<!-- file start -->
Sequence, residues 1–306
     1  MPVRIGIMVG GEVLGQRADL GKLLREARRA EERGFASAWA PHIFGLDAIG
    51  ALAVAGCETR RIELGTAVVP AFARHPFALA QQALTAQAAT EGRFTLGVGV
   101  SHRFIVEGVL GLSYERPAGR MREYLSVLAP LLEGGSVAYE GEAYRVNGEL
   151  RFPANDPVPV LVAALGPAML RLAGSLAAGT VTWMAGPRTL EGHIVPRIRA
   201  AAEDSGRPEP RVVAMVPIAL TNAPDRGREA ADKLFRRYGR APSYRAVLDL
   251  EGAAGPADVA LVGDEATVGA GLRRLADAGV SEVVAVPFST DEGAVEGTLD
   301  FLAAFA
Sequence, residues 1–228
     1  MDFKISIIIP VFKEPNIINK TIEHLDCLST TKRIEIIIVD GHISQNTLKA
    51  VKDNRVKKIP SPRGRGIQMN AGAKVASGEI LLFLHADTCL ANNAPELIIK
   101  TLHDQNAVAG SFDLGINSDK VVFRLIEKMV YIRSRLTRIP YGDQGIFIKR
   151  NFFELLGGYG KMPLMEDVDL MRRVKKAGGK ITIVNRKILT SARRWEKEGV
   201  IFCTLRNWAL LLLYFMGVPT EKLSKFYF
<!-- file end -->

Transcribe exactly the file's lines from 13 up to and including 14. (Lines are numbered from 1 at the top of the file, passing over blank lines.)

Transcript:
   151  NFFELLGGYG KMPLMEDVDL MRRVKKAGGK ITIVNRKILT SARRWEKEGV
   201  IFCTLRNWAL LLLYFMGVPT EKLSKFYF